With no fear, and with fortitude I may enter the fight and seek the victory.
And then I enlighten my mind and be enticed to extol you.
As the life-end seems nearer, I may jump in the struggle and sacrifice.
The above eulogy appears nearly at the end of Chandi Charitar Ukat Bilas of (currently know as) Dasam Granth. As a piece of poetry it is magnificent. It, no doubt, inspires, infuses courage and motivates to sacrifice for righteousness. Since its splendid recitation, if I am not wrong, in the film Nanak Naam Jahaz Hai, it has been promoted in the Sikh Community as its National Anthem. Almost every Sikh Celebration commences with carolling of Deh Shiva… And Shiva is epitomized as the God, Almighty.
Till recently no one questioned the assertion of SHIVA as Akalpurkh, the God, Almighty. Suddenly a section of Hindu Society commenced to promote that Guru Gobind Singh `believed in gods and goddesses.’ Frequent quotes started to flourish from Dasam Granth to support this ideology and foremost among them is this hymn used by the Sikhs as National Anthem.
We cannot blame the anti-Sikh forces for labelling us as the believer of Shiva. Although the wording of the hymn is fascinating, still it is asking boon from Shiva, the deity. This is quite contrary to the spirit of Sikhism. A Sikh only prays for the benevolence of God, Almighty, the Akalpurkh.
I had the honour of attending “Interfaith Dialogue Lecture” at Punjabi University, Patiala on February 22, 2001. It was a matter of great satisfaction to see that the proceeding were commenced after the recitation of their own “National Anthem”, a Shabd from Guru Granth Sahib.
At the beginning of four-day “International Conference 2000 on Sri Guru Granth Sahib” at Guru Nanak Dev University, Amritsar on February 25, 2001, “Deh Shiva bar moye…” was recited as the National Anthem. Inspired by the action at Punjabi University, I, at the beginning of my Paper, pointed out that it was un-Sikh to ask Shiva, a deity for benevolence. A couple of learned professors during their speeches criticised my assertion and stressed that Shiva in this hymn was addressed to God, Almighty, the Akalpurkh.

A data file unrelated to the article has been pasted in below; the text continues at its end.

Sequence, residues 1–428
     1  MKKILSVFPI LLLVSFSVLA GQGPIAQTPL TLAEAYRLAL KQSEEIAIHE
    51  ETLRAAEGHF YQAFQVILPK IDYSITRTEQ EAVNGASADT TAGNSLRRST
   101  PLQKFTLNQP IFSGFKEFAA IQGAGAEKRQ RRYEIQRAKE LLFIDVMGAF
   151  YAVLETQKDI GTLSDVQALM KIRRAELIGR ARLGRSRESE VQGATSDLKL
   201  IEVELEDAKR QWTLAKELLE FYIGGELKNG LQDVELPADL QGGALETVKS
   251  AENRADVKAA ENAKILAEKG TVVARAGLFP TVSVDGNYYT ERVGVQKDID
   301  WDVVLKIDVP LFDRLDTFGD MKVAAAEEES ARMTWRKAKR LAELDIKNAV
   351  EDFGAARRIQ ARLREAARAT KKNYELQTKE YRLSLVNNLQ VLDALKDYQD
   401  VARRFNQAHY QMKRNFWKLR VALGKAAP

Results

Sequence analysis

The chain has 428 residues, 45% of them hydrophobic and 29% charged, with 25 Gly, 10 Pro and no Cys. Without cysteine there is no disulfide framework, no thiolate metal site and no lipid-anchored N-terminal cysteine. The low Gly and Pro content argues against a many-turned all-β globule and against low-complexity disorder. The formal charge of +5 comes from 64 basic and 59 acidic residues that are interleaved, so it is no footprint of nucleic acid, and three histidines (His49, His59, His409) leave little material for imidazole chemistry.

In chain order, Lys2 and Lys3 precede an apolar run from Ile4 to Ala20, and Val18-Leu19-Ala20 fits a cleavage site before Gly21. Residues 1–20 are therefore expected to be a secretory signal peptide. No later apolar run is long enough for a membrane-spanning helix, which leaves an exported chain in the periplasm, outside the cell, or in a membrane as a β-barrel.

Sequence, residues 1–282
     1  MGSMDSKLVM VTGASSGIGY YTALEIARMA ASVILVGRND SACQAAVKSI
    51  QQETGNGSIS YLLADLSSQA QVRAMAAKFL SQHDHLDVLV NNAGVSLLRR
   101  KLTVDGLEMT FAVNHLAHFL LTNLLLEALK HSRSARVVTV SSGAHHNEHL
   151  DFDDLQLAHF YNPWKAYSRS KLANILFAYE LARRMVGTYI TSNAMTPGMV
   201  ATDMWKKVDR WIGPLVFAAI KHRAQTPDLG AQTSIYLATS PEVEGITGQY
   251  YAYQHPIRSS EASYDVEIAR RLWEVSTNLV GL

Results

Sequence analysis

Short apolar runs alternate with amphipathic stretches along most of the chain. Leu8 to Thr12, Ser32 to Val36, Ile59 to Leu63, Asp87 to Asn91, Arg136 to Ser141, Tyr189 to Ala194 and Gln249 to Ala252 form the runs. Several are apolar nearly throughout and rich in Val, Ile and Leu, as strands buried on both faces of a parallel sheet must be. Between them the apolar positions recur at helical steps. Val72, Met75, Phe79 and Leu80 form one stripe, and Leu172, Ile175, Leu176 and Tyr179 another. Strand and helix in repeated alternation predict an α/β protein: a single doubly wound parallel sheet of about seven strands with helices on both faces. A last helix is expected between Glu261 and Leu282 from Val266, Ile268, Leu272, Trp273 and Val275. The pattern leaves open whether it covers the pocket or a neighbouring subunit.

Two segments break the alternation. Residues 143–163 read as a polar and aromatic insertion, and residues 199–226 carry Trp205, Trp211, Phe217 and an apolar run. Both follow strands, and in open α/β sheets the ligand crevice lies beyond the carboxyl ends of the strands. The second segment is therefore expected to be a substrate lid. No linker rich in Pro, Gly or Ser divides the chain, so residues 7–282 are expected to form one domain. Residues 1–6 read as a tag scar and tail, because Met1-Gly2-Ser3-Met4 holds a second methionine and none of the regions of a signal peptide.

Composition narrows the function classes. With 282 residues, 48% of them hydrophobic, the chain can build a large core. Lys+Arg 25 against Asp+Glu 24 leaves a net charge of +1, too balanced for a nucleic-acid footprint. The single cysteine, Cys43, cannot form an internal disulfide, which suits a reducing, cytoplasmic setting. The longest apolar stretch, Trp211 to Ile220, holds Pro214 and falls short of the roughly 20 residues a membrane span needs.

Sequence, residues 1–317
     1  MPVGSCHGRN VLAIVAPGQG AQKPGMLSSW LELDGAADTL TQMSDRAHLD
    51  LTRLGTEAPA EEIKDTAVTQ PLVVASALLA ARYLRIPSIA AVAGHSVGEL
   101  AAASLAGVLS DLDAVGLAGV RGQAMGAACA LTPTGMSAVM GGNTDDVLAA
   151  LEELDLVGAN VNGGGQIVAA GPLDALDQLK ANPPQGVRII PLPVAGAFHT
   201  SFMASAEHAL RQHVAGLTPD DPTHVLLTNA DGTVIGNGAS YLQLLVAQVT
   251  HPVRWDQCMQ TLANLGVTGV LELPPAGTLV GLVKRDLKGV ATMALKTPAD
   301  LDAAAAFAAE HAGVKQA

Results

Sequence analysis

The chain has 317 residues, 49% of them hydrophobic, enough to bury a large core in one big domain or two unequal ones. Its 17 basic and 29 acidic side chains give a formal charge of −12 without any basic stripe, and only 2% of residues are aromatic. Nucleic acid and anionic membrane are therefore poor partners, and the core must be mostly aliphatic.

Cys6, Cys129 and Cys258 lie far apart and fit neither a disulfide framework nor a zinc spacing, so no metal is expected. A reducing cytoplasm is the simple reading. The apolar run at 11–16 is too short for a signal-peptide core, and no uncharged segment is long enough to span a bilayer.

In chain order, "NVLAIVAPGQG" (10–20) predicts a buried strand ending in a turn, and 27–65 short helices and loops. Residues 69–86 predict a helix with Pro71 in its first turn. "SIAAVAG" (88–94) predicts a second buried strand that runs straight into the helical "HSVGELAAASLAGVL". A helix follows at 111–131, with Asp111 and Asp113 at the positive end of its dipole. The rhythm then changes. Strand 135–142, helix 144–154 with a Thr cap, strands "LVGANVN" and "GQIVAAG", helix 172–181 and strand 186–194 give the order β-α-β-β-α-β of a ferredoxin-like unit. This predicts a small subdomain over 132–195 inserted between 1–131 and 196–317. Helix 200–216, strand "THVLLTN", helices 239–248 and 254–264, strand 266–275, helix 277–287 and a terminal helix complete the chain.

This hymn is taken nearly from the end of Chandi Charitar Ukat Bilas of Dasam Granth. From the text of the whole Charitar it is evident it is an adaptation into Braj Bhasha of some parts of Sri Markande Puran, a medieval granth. Whether the adaptation was conducted by Guru Gobind Singh himself or by some of his court poets, is matter of serious investigation and scholarship and I hope one day the Panth will be able to resolve the matter once for all.
To ascertain whether “Shiva” refers to God, Almighty or to “Shiva” the god or deity in this very hymn, we must study the `word’ in the whole text very closely with reference to the context.
Excerpts from Chandi Charitar Ukat Bilas
(1) The One who is Primal Being, unfathomable, implicit, deathless, non-committal, without specific garb and indestructible, who, through his might, created SHIVA and SHAKTI.
(4) You are the source of Shivas power, and also of Kamla, Har (Vishnu), Adrusta and wherever I see it is You.
(19) Who can count, how many were killed and those who ran away in fear, they contemplated on Shiva and headed for Kailasha Puri, (Shiva’s abode).